MSI 648 Max Motherboard

The MSI 648 Max Motherboard - Page 3

The MSI 648 Max Motherboard Review
Great Performance at a Great Price...

By, Robert Maloney
October 23, 2002

Performance Comparisons with 3DMark 2001SE
Synthetic Gaming

Next up is 3DMark 2001 SE, also created by the folks at MadOnion.  Due to the fact that we are looking for more system related scores, and not looking to stress the video capabilities, we used lower resolutions than you would normally see in a graphics card review.  We ran two series of tests, one at 800x600 with 32-bit color and again at 1024x768x32, both times with all other program settings left at their defaults.

The MSI 648 Max walloped the other two boards by a margin of 600-800 points, which relates to a 5-6% difference in performance.  Overclocking the system only bumped up the score by about 400 points.

The differences at 1024x768 were much less than we saw at 800x600, but still noteworthy.  There MSI 648 Max held a 3% lead over the DFI board and a 4% increase over the IWILL board.

Performance Comparisons with Quake 3 Arena v1.17
I have the need...the need for speed

We also ran some Quake 3 Arena v1.17 Time Demo (demo001) scores at a resolution of 640X480, using 16-bit color and textures.  Running Quake 3 with a high-end graphics card at this low resolution isolates motherboard and processor performance.  Frame rates are limited by the number of polygons the CPU is able to push through the bus, without being limited by the graphics subsystem.

At these minimal settings, the demo goes by in a heartbeat, and all boards came up with similar framerates except for the IWILL board, which beat out the others by close to 30 frames per second.  The MSI 648 Max had a decent showing at 337.3, but we were only able to pump put an extra two frames per second when overclocking the system.

"Real World" Performance with the Stones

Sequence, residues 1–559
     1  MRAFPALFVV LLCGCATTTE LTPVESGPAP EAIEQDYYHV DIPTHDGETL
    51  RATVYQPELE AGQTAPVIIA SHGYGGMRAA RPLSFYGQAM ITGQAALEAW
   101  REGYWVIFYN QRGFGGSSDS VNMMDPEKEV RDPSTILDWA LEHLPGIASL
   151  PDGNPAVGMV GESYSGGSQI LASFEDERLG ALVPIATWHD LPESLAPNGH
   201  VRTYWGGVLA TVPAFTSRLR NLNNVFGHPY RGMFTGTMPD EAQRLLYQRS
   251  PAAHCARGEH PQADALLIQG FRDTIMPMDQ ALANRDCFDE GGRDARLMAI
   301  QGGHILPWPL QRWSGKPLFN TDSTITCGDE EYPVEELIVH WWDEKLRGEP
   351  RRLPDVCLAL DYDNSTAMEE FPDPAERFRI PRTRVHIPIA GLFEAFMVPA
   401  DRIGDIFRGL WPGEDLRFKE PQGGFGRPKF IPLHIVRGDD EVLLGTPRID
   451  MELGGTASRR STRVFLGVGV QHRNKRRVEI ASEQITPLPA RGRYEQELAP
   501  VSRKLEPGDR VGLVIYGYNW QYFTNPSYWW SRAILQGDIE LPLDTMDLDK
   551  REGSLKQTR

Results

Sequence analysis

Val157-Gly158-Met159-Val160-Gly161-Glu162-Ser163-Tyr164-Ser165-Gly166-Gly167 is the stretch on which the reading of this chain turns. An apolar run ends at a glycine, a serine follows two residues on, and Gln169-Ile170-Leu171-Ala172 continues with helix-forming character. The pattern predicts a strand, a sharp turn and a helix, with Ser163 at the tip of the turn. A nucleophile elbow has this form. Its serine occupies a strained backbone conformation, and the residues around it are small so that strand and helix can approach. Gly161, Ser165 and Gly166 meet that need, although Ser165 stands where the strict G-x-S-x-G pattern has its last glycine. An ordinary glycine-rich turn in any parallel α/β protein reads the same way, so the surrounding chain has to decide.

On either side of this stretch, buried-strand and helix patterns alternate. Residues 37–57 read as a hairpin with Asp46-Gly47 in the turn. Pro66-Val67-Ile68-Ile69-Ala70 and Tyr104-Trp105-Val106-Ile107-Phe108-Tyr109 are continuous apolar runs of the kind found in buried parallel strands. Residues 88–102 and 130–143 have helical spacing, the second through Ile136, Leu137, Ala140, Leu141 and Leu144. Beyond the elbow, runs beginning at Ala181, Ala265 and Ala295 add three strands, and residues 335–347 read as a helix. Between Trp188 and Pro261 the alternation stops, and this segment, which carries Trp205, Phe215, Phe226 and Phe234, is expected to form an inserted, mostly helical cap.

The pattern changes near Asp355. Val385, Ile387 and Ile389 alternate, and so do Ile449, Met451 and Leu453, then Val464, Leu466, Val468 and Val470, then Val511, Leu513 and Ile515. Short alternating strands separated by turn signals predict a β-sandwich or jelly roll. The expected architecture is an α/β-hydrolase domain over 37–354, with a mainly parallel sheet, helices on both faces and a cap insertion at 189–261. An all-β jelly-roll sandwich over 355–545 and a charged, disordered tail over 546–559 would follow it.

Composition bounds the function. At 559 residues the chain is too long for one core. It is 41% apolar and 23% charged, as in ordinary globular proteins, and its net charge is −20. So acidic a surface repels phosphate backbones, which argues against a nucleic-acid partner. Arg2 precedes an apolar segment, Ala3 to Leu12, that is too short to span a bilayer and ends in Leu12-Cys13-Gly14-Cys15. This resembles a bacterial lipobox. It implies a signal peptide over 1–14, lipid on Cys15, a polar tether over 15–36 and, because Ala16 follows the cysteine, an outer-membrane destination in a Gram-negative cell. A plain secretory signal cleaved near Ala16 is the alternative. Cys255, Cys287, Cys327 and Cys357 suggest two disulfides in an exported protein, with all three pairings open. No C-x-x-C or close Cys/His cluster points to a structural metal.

Simulated Application Performance

Last, but not least, are two benchmarks from Ziff Davis ? Business Winstone 2001 and Content Creation Winstone 2002.

Business Winstone is an application-based benchmark, which runs through a series of scripts using business programs such as Microsoft Office 2000, FrontPage 2000, Lotus Notes and Netscape. It attempts to emulate a business system load, and then gives a rating.

At default clockspeeds, the MSI 648 Max was outpaced by both of the i845 powered motherboards.  When we overclocked the system, the 648 Max was able to overtake the DFI board, but Iwill's P4ES held on for the win in this test.

Content Creation Winstone 2002 is another application-based benchmark, this time using popular content creation programs such as Adobe Photoshop and Premiere, Macromedia Director and Dreamweaver, and Microsoft Windows Media Encoder. It keeps these multiple applications open and switches among them while running scripts.  The time it takes to completely run the scripts is used to generate the score.

Using the Content Creation Winstone benchmark, the 648 Max rebounded back into the lead, and retook its place at the top of the charts.  All the scores were close, with the differences among the three boards being only 0.8.  In both tests, overclocking provided a small boost in performance, about 3% in Business Winstone 2001 and only just about 1.5% in Content Creation Winstone 2002.


Overall, we were pleased with the MSI 648 Max.  The SiS648 is the most feature rich, and arguably the fastest DDR chipset available for the Pentium 4.  Even though the 648 brings more features to the table than most other P4 chipsets, motherboards based on the 648 are relatively inexpensive.  The MSI 648 Max can be found on Pricewatch.Com for less than $100 US.  We obviously don't base our ratings on price alone though.  We had limited success when overclocking with the MSI 648 Max, and there were some minor problems with the BIOS and layout.  However, the MSI 648 Max proved to be a solid performer, leading the pack in most of the benchmarks we ran.  It was also crammed with useful features, like Gigabit LAN and 6-Channel audio.  For the money, you'd be hard pressed to find a more feature laden board from a manufacturer as well known as MSI.  We should also mention that the MSI 648 Max was very stable, and exhibited instability only while overclocked.  Based on its good performance, great price and impressive list of features, we give the MSI 648 Max an 8 on the HotHardware Heat Meter.

  • AGP 8x Support
  • Gigabit LAN
  • 6-channel on-board audio
  • Great Price vs. Performance ratio
  • Didn't overclock well

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Tags:  MSI, Motherboard, MS, board, AR

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